- July: The Tipping Point
- August: Mere Christianity, 1984
- September: The Kite Runner
- October: Um...
- November: Uh...
- December: Yeah...
- January: The Prince
In an effort to redeem myself a little, I stole a dusty, yellowing book from my parents' bookshelf over Christmas: Machiavelli's The Prince, a book considered by many to be one of the world's most influential political works. I read it over the last month, and I finished it just before the end of January.
Niccolò Machiavelli, a 15th century Italian statesman, wrote The Prince as a treatise on how leaders should obtain and maintain kingdoms. The book is startling in its frankness and practicality. Machiavelli is firmly planted in the realist camp. He makes occasional references to deity and morality, but he clearly eschews idealism and moralism for what he considers more practical tactics.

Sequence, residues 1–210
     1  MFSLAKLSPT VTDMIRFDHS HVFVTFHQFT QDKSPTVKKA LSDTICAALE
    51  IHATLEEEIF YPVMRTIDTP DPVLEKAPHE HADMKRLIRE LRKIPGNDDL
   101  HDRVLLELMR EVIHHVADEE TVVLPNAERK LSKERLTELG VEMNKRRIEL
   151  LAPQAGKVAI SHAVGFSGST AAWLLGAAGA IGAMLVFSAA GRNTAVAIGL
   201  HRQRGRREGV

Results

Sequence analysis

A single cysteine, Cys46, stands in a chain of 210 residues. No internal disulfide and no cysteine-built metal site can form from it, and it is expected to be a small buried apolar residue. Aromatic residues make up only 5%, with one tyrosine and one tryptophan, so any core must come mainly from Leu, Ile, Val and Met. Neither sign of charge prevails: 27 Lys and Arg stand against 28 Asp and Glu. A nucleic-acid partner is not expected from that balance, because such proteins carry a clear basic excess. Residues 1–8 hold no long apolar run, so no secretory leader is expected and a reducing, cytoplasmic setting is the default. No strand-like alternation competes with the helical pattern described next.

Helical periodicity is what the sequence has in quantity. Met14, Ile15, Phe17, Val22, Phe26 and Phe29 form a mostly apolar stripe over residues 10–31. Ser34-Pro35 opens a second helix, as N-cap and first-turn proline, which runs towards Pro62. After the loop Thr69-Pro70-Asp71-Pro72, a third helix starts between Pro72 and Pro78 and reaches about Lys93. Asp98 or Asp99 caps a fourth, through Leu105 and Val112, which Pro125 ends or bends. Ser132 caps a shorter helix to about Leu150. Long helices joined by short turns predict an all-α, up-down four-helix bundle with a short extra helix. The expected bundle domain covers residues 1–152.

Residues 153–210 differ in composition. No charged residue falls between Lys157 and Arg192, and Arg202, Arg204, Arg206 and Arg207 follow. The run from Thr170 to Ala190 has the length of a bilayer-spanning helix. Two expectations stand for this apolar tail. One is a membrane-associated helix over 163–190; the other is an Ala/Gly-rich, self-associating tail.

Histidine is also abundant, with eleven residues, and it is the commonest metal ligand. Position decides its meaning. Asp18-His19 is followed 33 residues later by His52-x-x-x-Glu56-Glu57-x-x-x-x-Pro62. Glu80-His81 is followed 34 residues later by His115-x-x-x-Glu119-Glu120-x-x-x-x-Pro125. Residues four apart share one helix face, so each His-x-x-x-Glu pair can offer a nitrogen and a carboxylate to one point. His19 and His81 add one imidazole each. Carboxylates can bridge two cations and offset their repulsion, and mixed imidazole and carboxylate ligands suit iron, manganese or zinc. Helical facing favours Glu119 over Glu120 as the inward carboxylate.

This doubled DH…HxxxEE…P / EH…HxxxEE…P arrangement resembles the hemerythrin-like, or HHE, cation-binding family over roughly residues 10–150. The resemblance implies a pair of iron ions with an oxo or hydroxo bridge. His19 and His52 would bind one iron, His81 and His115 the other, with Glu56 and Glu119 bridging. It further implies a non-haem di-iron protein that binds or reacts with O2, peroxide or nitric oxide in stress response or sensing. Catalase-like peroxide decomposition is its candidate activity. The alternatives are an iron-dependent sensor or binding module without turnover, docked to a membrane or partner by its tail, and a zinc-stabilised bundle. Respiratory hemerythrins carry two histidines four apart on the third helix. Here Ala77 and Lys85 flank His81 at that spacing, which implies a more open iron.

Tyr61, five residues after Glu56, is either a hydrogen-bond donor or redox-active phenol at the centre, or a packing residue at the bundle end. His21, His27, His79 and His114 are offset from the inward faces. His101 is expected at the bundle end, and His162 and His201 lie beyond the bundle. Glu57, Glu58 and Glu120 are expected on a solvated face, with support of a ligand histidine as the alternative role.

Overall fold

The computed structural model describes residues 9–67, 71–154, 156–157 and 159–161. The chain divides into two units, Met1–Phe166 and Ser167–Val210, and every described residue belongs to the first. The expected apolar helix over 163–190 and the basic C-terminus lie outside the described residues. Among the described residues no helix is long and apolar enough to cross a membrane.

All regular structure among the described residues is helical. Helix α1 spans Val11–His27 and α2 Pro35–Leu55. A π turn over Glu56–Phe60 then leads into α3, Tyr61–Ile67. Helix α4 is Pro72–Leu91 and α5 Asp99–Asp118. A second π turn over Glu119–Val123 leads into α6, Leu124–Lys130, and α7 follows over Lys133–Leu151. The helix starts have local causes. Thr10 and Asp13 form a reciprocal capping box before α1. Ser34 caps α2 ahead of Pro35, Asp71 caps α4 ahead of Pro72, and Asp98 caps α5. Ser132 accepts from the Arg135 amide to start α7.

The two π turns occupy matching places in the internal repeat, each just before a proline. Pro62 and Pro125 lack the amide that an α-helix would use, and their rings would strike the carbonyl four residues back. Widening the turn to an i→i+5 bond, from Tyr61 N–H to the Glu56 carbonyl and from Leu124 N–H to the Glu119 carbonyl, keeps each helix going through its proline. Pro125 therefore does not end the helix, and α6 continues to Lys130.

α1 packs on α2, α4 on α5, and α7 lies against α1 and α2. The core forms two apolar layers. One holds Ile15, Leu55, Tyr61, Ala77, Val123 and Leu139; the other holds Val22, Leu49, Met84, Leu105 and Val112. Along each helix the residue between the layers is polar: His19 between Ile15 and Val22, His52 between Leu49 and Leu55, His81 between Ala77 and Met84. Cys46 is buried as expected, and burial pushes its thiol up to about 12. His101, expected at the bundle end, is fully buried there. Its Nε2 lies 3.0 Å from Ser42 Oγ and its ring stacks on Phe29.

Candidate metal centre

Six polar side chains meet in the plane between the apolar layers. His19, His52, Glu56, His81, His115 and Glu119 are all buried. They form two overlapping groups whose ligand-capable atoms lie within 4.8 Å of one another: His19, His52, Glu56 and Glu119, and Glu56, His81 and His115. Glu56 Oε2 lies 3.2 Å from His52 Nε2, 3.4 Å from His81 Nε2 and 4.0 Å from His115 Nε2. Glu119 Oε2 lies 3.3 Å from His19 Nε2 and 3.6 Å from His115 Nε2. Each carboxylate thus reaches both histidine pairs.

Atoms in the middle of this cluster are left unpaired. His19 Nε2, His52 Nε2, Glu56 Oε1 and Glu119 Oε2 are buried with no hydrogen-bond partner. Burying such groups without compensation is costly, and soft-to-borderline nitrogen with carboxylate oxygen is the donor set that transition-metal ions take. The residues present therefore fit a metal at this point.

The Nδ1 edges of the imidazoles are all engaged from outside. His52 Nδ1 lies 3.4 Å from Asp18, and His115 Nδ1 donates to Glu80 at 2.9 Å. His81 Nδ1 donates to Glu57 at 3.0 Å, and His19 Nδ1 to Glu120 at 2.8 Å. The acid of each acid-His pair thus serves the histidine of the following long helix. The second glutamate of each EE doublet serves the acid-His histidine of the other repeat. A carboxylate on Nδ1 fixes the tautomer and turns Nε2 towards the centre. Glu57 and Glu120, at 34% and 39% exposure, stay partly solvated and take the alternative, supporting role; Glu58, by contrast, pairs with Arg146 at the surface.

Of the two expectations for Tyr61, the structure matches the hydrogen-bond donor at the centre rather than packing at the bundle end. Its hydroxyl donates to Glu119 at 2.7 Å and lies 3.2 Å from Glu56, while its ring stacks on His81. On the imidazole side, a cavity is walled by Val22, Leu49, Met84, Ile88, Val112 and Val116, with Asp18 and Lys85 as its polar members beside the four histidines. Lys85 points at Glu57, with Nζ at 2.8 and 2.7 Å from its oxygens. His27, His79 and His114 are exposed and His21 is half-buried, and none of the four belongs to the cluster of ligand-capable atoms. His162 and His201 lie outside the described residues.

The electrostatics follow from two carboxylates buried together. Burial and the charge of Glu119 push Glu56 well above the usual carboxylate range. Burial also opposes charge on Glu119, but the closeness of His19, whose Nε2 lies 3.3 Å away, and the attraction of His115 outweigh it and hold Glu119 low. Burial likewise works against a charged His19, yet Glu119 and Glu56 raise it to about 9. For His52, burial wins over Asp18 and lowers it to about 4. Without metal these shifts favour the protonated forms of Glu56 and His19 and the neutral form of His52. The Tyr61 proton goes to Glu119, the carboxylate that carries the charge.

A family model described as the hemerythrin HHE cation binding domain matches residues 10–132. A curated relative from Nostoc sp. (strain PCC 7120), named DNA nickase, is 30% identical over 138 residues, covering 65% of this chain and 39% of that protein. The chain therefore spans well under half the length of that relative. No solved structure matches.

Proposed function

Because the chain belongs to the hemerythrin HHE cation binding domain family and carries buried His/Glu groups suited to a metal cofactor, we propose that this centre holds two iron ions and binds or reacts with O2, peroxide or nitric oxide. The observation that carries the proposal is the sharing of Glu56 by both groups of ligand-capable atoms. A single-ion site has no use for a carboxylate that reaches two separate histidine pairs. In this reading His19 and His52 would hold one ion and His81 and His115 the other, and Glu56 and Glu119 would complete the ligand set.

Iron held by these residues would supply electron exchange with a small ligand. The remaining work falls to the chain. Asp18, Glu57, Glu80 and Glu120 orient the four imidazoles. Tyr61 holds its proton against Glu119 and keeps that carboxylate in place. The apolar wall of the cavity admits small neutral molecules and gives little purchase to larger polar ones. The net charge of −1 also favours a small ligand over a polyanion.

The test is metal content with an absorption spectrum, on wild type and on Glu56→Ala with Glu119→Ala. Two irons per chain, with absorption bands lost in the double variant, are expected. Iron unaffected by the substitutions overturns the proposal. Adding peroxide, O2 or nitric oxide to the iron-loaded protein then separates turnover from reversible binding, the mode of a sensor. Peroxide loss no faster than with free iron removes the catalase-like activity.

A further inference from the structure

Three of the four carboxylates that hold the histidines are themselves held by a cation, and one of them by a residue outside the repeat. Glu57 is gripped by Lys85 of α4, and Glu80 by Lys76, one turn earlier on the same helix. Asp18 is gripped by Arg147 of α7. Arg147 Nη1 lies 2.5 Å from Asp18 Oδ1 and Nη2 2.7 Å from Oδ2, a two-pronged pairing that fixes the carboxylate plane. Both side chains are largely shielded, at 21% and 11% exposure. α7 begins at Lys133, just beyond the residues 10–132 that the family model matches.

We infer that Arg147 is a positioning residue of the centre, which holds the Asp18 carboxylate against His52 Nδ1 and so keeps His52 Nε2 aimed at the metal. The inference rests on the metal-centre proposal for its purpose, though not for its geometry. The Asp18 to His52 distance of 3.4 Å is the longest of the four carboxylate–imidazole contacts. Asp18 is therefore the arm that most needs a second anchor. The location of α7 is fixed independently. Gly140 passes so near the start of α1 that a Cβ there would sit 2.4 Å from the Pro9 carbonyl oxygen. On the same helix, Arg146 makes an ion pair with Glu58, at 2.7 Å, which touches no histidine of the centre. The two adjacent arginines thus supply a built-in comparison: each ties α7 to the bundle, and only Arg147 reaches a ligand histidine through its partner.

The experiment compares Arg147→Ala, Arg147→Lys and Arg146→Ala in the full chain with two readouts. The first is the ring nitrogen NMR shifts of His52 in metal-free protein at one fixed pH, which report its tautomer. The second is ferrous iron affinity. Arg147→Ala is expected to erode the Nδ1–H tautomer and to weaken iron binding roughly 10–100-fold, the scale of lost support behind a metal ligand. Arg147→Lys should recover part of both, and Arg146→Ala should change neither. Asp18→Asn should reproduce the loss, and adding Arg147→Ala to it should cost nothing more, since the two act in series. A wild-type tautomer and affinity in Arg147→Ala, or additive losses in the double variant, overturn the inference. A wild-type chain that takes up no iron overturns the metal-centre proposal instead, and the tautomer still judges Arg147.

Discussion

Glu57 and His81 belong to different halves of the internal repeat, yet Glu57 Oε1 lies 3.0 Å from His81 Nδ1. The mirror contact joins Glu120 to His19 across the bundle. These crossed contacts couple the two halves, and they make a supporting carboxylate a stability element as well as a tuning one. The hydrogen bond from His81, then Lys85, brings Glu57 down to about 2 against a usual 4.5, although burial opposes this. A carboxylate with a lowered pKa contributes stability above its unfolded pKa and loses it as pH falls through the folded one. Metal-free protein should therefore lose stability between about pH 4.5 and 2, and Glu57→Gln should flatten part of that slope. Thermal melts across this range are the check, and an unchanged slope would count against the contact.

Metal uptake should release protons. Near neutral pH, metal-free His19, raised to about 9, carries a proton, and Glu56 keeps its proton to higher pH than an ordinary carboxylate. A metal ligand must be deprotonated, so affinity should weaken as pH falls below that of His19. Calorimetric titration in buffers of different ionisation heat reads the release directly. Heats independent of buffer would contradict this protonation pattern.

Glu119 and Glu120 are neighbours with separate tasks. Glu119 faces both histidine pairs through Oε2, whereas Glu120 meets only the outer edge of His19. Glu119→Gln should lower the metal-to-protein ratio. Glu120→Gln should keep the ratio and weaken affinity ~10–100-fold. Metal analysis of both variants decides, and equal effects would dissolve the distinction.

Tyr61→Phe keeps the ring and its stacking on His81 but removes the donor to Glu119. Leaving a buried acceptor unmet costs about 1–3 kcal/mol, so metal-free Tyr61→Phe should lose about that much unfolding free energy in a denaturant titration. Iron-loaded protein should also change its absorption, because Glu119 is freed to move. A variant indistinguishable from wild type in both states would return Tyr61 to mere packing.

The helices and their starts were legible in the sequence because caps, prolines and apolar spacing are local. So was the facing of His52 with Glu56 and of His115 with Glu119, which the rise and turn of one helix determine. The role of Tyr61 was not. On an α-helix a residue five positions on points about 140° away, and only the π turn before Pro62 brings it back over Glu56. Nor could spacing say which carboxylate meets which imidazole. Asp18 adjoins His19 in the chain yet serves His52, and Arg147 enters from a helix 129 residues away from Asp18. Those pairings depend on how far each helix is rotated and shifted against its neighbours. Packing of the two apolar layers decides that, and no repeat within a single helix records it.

One of the most interesting ideas that Machiavelli presents is that a leader must be esteemed as an exemplary person by his people, but that he must sometimes commit contemptible acts in private. He lauds successful hypocrites and double-crossers while faulting simpleminded, morally-driven leaders. In Machiavelli's eyes, results are all that matter, no matter how they are obtained.
I firmly disagree with many of Machiavelli's stances, mostly because I disagree with his definition of success. In my view of the world, acting morally is success, no matter the outcome. In other words, the success is in the journey, not the destination.
Next up: Hamlet. I've been reading it on and off for a few months, and I'd like to finish it this month.